The Free Will Theorem of Conway and Kochen is an interesting argument that tries to suggest free will goes “all the way down”. If experimenters can make their choices freely on how to measure certain experiments then the elementary particles being measured can make “free choices” as well. But the *contrapositive* of this result seems more interesting to me: if some elementary particles are not free, then the experimenters aren’t either!

I’ve cheated some here because it is really based on three axioms or assumptions, and not four. All for the sake of science (and philosophy)!

**Fin** : Information transmission has a maximal (finite) speed, and obtains from causality
**Twin** : For two elementary particles, it is possible to quantum “entangle” them, separate them significantly, and measure the square of their spin in parallel directions (but “full entanglement” is not required)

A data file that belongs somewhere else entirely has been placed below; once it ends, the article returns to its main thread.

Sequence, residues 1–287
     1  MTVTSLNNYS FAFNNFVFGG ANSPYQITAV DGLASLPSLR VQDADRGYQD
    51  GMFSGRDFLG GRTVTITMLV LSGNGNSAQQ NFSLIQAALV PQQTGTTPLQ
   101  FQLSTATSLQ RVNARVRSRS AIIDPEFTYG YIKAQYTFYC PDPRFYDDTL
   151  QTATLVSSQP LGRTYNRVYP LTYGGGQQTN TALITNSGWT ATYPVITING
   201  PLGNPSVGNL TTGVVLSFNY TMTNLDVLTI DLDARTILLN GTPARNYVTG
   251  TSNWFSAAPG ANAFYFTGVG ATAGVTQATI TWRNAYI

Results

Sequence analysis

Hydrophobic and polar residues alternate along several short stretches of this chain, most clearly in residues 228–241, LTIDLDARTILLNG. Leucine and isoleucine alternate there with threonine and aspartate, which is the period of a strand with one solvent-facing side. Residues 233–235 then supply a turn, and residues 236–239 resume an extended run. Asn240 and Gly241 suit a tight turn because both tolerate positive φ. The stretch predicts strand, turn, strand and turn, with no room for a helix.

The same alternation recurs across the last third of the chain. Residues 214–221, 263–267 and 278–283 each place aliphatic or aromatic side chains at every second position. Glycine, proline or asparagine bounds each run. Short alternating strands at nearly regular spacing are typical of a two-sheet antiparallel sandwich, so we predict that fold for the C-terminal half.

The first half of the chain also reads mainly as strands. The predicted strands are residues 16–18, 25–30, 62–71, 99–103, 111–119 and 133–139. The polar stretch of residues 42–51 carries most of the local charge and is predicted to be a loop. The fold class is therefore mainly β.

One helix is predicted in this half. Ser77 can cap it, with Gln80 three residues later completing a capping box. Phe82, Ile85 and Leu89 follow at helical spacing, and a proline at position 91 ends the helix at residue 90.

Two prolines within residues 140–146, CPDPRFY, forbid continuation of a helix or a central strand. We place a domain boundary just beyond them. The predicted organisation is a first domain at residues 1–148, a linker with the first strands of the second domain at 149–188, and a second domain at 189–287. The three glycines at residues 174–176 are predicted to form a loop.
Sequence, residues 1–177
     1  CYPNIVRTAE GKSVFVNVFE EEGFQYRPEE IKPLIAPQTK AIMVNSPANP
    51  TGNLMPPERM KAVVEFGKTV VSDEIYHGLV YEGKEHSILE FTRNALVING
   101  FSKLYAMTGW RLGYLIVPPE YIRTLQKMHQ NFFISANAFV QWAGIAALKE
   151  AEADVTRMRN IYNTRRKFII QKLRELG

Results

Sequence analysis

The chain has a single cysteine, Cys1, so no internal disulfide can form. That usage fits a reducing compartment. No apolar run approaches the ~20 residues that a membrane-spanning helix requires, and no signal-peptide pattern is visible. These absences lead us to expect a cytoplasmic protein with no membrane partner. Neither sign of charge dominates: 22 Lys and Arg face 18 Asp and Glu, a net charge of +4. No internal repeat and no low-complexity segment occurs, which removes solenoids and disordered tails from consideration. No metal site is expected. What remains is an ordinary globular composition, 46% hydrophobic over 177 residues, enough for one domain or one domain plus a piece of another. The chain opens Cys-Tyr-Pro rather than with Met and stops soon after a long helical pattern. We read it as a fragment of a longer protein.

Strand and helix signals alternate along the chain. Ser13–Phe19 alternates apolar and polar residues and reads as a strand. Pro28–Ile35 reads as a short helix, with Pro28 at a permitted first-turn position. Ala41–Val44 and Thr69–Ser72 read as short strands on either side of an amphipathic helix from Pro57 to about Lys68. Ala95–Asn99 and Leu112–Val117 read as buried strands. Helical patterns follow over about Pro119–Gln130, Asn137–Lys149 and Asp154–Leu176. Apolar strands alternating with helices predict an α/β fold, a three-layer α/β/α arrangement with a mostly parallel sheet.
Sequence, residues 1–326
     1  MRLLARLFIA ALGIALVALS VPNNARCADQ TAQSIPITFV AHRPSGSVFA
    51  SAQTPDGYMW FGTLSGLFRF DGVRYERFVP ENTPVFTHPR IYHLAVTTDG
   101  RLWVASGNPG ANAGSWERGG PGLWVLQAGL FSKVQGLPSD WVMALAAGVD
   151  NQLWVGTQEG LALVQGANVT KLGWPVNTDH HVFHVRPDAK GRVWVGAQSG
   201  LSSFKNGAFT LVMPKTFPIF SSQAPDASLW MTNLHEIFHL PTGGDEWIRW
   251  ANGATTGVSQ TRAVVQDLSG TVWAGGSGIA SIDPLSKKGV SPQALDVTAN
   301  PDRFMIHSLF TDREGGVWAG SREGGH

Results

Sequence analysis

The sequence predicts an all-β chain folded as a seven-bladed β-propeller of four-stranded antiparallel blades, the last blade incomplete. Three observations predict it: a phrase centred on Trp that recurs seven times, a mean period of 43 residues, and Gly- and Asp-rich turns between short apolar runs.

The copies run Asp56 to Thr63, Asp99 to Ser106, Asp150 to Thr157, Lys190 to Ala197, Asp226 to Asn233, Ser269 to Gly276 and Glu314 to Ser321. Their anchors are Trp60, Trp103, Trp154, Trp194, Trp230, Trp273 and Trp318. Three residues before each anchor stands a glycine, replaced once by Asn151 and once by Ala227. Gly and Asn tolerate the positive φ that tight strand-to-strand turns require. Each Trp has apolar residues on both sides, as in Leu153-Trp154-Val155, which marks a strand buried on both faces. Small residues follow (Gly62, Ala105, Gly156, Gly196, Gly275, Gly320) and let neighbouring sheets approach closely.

**Spin** : For certain elementary particles of spin one (the vector or gauge bosons: gluons, photons, Z and W), the squared spin component (taken in three orthogonal directions) will be a permutation of (1,1,0)
**Min** : Instead of Fin, the weaker assumption Min states that the spin measurers need only be “space-like” separated and make choices independently of each other
**Lin** : Instead of Fin or Min, Lin is an even weaker assumption that rests on experimentally testable “Lorentz Covariance”

If nothing else, trying to understand this theorem teaches you a bit about elementary particles and quantum physics!

Further Reading:

https://en.wikipedia.org/wiki/Free_will_theorem

https://arxiv.org/abs/quant-ph/0604079

https://www.ams.org/notices/200902/rtx090200226p.pdf

https://www.informationphilosopher.com/freedom/free_will_theorem.html

https://en.wikipedia.org/wiki/Gauge_boson

https://en.wikipedia.org/wiki/Lorentz_covariance

[*10.132]

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